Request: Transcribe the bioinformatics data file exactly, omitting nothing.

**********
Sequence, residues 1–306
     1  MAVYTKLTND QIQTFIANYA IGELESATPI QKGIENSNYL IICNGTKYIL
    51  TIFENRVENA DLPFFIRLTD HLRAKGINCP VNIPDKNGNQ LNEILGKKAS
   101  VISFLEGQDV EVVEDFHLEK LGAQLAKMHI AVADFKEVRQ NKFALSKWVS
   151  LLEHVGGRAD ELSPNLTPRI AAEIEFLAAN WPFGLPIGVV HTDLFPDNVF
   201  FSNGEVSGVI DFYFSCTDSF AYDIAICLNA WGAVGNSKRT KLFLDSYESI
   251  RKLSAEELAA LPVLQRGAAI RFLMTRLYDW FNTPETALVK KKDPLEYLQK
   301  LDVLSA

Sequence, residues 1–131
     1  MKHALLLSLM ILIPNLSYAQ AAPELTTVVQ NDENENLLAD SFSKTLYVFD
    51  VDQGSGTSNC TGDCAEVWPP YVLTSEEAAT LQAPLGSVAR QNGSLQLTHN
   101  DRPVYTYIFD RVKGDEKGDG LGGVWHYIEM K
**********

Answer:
Sequence, residues 1–306
     1  MAVYTKLTND QIQTFIANYA IGELESATPI QKGIENSNYL IICNGTKYIL
    51  TIFENRVENA DLPFFIRLTD HLRAKGINCP VNIPDKNGNQ LNEILGKKAS
   101  VISFLEGQDV EVVEDFHLEK LGAQLAKMHI AVADFKEVRQ NKFALSKWVS
   151  LLEHVGGRAD ELSPNLTPRI AAEIEFLAAN WPFGLPIGVV HTDLFPDNVF
   201  FSNGEVSGVI DFYFSCTDSF AYDIAICLNA WGAVGNSKRT KLFLDSYESI
   251  RKLSAEELAA LPVLQRGAAI RFLMTRLYDW FNTPETALVK KKDPLEYLQK
   301  LDVLSA

Sequence, residues 1–131
     1  MKHALLLSLM ILIPNLSYAQ AAPELTTVVQ NDENENLLAD SFSKTLYVFD
    51  VDQGSGTSNC TGDCAEVWPP YVLTSEEAAT LQAPLGSVAR QNGSLQLTHN
   101  DRPVYTYIFD RVKGDEKGDG LGGVWHYIEM K